Coral Springs Cornucopia

Animal sculptures? Haiku landscapes? Book assemblages? They've got it all.

Even more effective are the etchings and engravings, some of which have an elemental earthiness. Galvanized metal, in Niederhausen's hands, becomes an enormously expressive medium, especially when the imagery remains abstract.

As if all these artistic ventures aren't enough, director O'Keefe has managed to find a few spaces between the Bradley and Niederhausen exhibits to show off some selections from the museum's permanent collection. And she still has the remains of an interactive exhibition, "The Paper Sculpture Show," crammed into the gallery behind Niederhausen's work. The show invited visitors to create their own three-dimensional paper projects using the designs and instructions of 29 artists, yielding a range of creative interpretations.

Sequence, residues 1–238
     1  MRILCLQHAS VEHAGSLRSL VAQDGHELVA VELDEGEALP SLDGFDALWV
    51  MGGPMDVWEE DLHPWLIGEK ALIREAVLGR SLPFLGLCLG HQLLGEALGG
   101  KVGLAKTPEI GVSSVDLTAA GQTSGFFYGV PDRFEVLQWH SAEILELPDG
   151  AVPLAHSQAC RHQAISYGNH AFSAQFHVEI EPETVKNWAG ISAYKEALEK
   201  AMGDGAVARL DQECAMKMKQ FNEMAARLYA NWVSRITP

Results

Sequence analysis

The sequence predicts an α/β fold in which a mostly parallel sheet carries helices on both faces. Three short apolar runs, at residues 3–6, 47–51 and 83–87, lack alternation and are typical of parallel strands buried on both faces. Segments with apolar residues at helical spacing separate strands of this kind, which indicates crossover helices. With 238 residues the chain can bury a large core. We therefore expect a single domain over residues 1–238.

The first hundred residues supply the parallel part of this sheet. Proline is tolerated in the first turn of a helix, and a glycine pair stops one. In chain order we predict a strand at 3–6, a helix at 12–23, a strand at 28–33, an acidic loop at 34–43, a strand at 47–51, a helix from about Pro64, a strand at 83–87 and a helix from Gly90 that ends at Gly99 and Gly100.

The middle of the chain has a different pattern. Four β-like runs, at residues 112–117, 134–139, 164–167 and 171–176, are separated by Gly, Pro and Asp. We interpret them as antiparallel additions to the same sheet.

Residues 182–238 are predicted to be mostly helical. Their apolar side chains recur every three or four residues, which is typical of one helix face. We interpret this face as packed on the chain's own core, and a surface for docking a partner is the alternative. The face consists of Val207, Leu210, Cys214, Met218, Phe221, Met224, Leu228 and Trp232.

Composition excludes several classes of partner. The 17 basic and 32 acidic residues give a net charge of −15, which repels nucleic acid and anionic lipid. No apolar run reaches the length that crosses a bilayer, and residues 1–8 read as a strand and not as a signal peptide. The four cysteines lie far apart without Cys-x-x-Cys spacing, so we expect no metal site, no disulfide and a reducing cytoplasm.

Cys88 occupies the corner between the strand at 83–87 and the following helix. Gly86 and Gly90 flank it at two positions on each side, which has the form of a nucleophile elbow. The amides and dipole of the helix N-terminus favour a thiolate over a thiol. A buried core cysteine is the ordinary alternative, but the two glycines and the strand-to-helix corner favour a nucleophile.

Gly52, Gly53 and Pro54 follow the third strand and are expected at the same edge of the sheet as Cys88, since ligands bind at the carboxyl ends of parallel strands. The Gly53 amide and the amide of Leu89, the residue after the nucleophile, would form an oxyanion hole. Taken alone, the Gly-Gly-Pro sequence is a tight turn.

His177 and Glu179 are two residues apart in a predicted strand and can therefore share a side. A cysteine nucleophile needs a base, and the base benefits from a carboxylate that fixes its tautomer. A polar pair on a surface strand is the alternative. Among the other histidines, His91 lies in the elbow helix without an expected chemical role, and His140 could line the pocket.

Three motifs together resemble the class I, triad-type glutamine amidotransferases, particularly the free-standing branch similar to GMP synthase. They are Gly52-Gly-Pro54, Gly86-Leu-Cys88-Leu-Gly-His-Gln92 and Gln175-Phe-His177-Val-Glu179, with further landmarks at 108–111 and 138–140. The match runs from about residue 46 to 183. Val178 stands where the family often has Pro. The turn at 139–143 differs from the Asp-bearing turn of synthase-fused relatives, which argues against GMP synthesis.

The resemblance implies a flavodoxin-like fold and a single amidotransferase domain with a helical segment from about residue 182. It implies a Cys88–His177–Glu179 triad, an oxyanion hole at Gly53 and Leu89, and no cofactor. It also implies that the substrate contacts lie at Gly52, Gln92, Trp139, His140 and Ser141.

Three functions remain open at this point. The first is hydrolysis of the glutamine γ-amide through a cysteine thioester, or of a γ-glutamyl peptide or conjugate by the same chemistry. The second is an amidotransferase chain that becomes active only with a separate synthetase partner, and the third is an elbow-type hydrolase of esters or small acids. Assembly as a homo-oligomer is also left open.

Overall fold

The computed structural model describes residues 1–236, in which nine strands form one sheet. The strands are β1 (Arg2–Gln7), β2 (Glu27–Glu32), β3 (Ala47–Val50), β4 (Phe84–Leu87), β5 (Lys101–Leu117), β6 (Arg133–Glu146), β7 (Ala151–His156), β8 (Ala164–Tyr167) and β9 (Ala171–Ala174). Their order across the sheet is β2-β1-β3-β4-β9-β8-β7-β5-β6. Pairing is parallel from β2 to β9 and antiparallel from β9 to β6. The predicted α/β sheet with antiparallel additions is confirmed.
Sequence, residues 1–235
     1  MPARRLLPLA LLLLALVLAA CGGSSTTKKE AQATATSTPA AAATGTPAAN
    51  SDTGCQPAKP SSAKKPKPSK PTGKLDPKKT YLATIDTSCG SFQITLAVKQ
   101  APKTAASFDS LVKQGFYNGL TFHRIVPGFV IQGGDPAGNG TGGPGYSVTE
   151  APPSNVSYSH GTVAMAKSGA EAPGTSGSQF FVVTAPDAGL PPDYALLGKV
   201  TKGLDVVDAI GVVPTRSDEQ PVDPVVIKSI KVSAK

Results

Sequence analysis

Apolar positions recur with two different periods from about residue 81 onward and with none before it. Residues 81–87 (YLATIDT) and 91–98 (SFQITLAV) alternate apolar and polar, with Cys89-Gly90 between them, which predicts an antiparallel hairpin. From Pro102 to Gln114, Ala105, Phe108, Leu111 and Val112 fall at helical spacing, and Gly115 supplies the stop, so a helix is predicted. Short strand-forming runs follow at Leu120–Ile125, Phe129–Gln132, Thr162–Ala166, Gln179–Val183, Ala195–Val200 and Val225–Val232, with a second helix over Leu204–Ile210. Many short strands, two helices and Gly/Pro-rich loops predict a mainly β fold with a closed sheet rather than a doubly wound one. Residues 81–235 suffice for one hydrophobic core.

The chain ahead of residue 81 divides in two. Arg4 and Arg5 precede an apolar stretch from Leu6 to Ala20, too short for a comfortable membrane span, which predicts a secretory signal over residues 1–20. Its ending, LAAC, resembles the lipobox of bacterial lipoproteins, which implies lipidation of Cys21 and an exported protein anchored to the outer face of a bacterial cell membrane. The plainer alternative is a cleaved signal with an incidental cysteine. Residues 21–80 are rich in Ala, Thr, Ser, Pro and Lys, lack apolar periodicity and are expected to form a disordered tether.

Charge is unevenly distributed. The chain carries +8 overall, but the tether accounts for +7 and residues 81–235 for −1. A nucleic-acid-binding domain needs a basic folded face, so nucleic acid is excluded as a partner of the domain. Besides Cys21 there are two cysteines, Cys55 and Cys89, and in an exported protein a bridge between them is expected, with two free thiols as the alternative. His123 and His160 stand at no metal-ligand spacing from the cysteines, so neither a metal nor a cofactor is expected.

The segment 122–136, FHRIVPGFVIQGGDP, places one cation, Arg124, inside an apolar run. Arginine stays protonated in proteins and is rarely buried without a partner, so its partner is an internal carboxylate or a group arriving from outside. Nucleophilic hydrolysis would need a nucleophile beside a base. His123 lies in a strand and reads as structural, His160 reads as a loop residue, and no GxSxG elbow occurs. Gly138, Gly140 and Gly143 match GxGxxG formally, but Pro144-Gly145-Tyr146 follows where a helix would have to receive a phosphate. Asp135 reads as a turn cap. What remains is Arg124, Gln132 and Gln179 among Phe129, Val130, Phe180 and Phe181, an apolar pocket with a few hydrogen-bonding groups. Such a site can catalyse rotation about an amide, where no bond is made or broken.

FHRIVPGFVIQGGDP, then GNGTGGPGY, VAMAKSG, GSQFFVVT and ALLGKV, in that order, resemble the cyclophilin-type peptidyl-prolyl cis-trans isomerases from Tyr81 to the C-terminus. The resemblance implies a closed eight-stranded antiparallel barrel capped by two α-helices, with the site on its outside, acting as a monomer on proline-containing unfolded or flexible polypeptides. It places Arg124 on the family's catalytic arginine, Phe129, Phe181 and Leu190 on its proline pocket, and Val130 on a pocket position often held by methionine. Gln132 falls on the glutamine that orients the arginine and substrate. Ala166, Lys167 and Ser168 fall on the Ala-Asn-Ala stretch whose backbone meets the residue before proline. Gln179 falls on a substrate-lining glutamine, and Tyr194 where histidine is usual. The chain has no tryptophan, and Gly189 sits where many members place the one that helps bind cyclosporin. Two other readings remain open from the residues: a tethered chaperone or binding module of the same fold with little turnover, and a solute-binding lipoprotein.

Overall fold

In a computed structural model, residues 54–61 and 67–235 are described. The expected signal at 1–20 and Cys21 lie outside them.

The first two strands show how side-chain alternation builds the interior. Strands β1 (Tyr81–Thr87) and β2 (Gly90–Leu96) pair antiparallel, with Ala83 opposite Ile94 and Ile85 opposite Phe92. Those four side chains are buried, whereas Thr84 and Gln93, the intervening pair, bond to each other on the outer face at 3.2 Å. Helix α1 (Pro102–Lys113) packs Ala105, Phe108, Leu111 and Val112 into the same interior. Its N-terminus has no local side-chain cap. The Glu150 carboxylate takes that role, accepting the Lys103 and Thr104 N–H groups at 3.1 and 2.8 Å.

Moonie's Feelings of Nature #2: Some sort of landscape.
Moonie's Feelings of Nature #2: Some sort of landscape.
Niederhausen's Stories
Niederhausen's Stories

Finally, O'Keefe couldn't let me get away without showing off a new acquisition, a donation so recently arrived that it was still in its wooden shipping crate in the foyer. The crate contained a huge, ornately framed 1997 canvas by Romanian-born Alexandra Nechita, who turned 20 last summer and has been exhibiting since she was 9. CSMART featured her in a solo show a few years back, and while I don't share O'Keefe's enthusiasm for Nechita's Picassoesque style, she remains a hot commodity and her work a good investment. No wonder O'Keefe is excited.

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